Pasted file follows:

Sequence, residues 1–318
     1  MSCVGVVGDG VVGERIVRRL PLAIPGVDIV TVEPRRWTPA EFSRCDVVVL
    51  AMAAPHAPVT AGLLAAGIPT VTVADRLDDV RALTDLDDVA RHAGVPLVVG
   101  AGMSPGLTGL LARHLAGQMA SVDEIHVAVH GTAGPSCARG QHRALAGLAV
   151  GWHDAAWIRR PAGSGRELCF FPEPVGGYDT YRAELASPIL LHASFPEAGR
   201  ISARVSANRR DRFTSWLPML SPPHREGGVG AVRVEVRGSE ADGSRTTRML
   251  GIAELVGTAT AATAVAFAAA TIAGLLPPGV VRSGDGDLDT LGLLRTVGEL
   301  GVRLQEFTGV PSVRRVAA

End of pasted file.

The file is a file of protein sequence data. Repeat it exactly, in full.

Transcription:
Sequence, residues 1–318
     1  MSCVGVVGDG VVGERIVRRL PLAIPGVDIV TVEPRRWTPA EFSRCDVVVL
    51  AMAAPHAPVT AGLLAAGIPT VTVADRLDDV RALTDLDDVA RHAGVPLVVG
   101  AGMSPGLTGL LARHLAGQMA SVDEIHVAVH GTAGPSCARG QHRALAGLAV
   151  GWHDAAWIRR PAGSGRELCF FPEPVGGYDT YRAELASPIL LHASFPEAGR
   201  ISARVSANRR DRFTSWLPML SPPHREGGVG AVRVEVRGSE ADGSRTTRML
   251  GIAELVGTAT AATAVAFAAA TIAGLLPPGV VRSGDGDLDT LGLLRTVGEL
   301  GVRLQEFTGV PSVRRVAA